You can set up a referral program manually, but there are also several referral program software options. Either way, you go, make sure you have a way to verify purchases before you provide your customers with rewards for referrals.

16. Contest Marketing 

Everyone loves a good contest. This type of marketing works particularly well on social media platforms, such as Instagram and Facebook, but you can also run contests on your Kajabi blog or other online properties.

Contests help drive traffic to your website and aid in conversion rate optimization. You can give away a free course, for instance, or some other digital product. The contest can be anything of your devising, but make sure it relates to your core audience and your digital products.

17. Networking Events

Not all marketing takes place online. Sometimes, you get the best results when you step out from behind your computer screen and meet people in the real world. Networking events offer the ideal environment for reaching people who might enjoy your online courses.

Specifically, you’re looking for networking events that relate to your industry. If you teach courses on personal development, for instance, a technology networking event might not offer the best fit. Research local events as well as those across the country. Consider getting a booth so you can talk to people about your online courses and give demonstrations of your expertise.

When you attend networking events, always bring plenty of literature to hand out. Include your Kajabi website address on each piece of literature as well as descriptions of your digital products. Keep your elevator pitch short and simple, and look for ways to help other people before you ask them to buy something for you.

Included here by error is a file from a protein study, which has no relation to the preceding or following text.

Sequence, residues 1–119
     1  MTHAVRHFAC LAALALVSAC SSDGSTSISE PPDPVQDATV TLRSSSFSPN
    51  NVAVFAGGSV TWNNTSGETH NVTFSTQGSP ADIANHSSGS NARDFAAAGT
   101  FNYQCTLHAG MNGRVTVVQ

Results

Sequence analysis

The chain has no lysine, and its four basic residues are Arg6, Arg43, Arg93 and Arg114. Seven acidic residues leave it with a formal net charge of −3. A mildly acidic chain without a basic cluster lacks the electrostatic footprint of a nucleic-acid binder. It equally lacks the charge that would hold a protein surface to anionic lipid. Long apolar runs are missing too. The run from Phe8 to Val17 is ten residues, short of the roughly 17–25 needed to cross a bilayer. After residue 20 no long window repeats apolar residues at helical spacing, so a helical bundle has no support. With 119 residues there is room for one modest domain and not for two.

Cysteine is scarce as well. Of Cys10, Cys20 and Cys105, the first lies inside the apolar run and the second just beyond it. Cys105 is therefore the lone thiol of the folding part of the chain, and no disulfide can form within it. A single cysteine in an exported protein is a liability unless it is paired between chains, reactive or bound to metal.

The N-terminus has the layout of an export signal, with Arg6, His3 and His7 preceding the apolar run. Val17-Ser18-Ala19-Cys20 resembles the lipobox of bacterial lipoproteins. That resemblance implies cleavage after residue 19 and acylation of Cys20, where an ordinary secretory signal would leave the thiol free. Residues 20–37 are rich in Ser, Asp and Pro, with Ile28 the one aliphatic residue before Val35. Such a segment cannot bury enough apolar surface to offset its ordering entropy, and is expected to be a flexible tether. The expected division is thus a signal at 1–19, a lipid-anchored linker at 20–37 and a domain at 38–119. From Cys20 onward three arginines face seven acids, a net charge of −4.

18. Search Engine Marketing 

When you create content, you want it to appear in the search engines. Through search engine optimization (SEO), you can generate massive ROI through search engine marketing (SEM).

Think of SEM as a challenge to drive your content into the top few listings in the search engine results pages (SERPs). Creating unique, value- and data-driven content can help you generate backlinks to your work and make your content more appealing to the search engines.

Additionally, take the time to optimize your meta tags, images, and other on-page elements so people can find your content through long-tail keywords. It’s easier to rank for long-tail keywords than for single words. For instance, writing a piece of content that’s optimized for “post-baby weight loss” is much easier than writing one that’s optimized for “weight loss.” There’s less competition.

Search engine marketing also involves PPC advertising and other efforts to get your brand in front of people who use search engines. You could use Google Shopping, for instance, to help drive sales of your online course.

19. Retargeting 

Think of retargeting as a paid advertising shortcut. Instead of paying to advertise your brand in front of unqualified leads and total strangers, you retarget people who have interacted with your business before.

For instance, Facebook Ad retargeting allows you to put a Pixel on your website. When users visit your website and then go to Facebook, they’ll see an ad for your brand. Since they’re already brand-aware, they’ll recognize the messaging and prove more likely to convert.